I've not done a cost analysis, but the fact that it's now something I can eat has to count for something. Also, I have another idea for which we've bought another two tins of Seville oranges. I want to see what happens if you buy the really cheap stuff (27p), boil it up and mix it with a tin of oranges. I figure the cheap marmalade is mostly sugar and's an experiment I think is worth trying at least. Erica, from Northwest Edible Life has opened my mind on this. 

Even sillier than Phryne Fisher books, I was "inspired" to look up this video of one of my favourites, Lady Marmalade by these amazing ladies. Enjoy!

Wednesday, 4 March 2015

National Unplug Day: Sundown March 6th to Sundown March 7th

I grabbed a link several years ago that I've just recently rediscovered. It was about something called the Sabbath Manifesto, something to do with some Jewish organisation and something called 'Reboot', which is basically about slowing life down.  The original thing that attracted me was their "Ten Principles" for observing a weekly day of rest:

  • Avoid technology
  • Connect with loved ones
  • Nurture your health
  • Get outside
  • Avoid commerce
  • Light candles
  • Drink wine
  • Eat bread
  • Find silence
  • Give back
What's not to love?

I spend a fair amount of time on my computer, but it's been several years since I carried a functional mobile phone. I keep meaning to get that taken care of, just for emergencies, but it's clearly not a high priority for me.  I am appalled when I see the behaviour of a lot of people who carry these 'smart phone' things, particularly when they are supposedly in social settings. It is so incredibly rude to ignore someone you're out with and I can't imagine how hurtful it must be to feel you have to compete with a little box for someone's attention. They are both wonderful gadgets and horrible, foul things, these screens that hold us prisoner. The National Day of Unplugging has this brilliant / funny / sad video that shows just what we are doing when we stare at a screen instead of engaging with a person. 

Selfies: don't even get me started - I just don't get them!

I have lately been less on Facebook or blog-reading than at my sewing machine / out running / reading a book, which is good, but I could certainly improve a lot more. I may give this 6-7 March thing a go and see how that feels. 

Monday, 2 March 2015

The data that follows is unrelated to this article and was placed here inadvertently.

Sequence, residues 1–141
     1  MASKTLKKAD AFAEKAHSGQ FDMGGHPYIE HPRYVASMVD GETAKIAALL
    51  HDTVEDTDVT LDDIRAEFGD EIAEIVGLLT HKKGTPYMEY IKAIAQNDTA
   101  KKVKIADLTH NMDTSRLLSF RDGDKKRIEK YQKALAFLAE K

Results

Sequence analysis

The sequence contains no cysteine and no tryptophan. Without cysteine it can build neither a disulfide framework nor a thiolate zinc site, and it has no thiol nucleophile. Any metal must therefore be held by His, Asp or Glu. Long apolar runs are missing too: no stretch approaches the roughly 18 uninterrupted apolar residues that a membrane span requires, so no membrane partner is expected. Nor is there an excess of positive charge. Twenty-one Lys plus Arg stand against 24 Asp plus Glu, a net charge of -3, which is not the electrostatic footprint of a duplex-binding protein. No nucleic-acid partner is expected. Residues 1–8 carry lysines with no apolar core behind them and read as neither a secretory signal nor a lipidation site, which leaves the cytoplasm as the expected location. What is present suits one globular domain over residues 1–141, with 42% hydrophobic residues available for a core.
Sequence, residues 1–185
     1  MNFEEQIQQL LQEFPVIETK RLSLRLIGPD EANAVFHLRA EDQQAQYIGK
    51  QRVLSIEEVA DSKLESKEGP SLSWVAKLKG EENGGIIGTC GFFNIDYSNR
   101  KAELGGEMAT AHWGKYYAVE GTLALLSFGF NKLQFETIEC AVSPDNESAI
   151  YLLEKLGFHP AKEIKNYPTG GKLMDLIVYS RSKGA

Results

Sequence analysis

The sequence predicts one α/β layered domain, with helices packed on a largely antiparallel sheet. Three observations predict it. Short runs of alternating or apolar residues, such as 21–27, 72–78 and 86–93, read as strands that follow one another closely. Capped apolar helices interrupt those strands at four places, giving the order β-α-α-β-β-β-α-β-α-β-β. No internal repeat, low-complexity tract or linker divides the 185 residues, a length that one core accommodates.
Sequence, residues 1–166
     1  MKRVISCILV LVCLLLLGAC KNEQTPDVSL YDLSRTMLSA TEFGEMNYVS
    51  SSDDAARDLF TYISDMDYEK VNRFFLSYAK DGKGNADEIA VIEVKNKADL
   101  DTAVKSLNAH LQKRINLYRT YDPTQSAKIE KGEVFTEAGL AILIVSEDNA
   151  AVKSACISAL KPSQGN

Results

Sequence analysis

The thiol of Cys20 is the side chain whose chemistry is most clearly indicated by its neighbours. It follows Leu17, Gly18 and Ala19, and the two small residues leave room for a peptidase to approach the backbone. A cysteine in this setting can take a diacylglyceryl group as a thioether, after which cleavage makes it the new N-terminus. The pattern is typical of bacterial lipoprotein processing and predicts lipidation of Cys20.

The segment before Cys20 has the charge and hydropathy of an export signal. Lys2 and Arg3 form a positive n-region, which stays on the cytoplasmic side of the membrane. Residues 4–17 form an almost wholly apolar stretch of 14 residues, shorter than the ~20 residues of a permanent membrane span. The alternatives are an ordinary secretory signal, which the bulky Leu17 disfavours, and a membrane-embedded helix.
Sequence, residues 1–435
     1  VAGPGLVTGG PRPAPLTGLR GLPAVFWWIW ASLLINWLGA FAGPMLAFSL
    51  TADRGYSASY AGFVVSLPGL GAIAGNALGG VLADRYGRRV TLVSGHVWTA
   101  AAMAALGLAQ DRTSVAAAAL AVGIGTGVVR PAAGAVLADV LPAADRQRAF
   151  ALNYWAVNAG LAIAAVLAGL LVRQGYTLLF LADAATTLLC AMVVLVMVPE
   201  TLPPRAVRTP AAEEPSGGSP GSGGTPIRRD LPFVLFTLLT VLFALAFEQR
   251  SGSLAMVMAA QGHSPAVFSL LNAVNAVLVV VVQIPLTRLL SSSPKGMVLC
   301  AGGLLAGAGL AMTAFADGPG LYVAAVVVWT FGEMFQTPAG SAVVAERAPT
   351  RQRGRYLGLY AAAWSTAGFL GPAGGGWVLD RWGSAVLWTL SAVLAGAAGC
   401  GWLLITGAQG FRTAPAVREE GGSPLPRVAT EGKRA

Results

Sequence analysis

My bookshelves are positively groaning with the addition of my Christmas gifts (and a few other purchases of items not received). I recently read a blog post that talked about 'how to unclutter your book case'. She said to decide first how many books you would like to own. She came up with 60; I thought somewhere between 1,000 and 10,000...which doesn't sound very helpful except that I wouldn't necessarily own all the books I currently have. And of course I've not that much space for bookshelves, so I'm not really in any danger.

Anyhow when I noticed that the Marsden Boy Scouts were having a book sale of course I dropped in for a look as I was passing. I headed straight for the craft section, then the biographies and other non-fiction and then only lightly perused the novels for Veronica Roth's trilogy. No such luck.

But I did find a few other books of interest: The Viceroy's Daughters I have read before and know I will enjoy it again. It is largely set in the inter-war period and is about the three daughters of George Curzon.  It also has a lot to say about the Mitfords (one of whom who married Oswald Mosley, the ex-husband of the eldest Curzon daughter) and about Duke and Duchess of Windsor (AKA Edward VIII who abdicated to marry Mrs. Simpson).

The foodie book is rather silly and full of ideas I'm not likely to take up both for the health of my body and of my pocketbook, but I shall no doubt learn a term or two.

The Historian was selected mainly because of its title and the nice thickness, but it turned out to be about vampires, something I'd not realised. Fortunately it was nothing like Twilight, read more like a mystery and gave some wonderful descriptions of old cities in Eastern Europe, where we are headed this summer. 

I thought How to Shop and Why We Buy sounded intriguingly yin and yang. The former turns out to be a list of recommended outlets and boutiques across Britain whilst the latter seems to be an insight into how social psychologists study the habits of shoppers and make recommendations to stores. I'd hoped it would be more along the lines of 'how not to buy'; then again, I know quite a bit about that already.

Finally, the book about economics may well prove to be over my head, but I have enjoyed Freakonomics and The Undercover Economist, so we'll see.

I think six books for £4.50 to a good cause was a brilliant deal, don't you?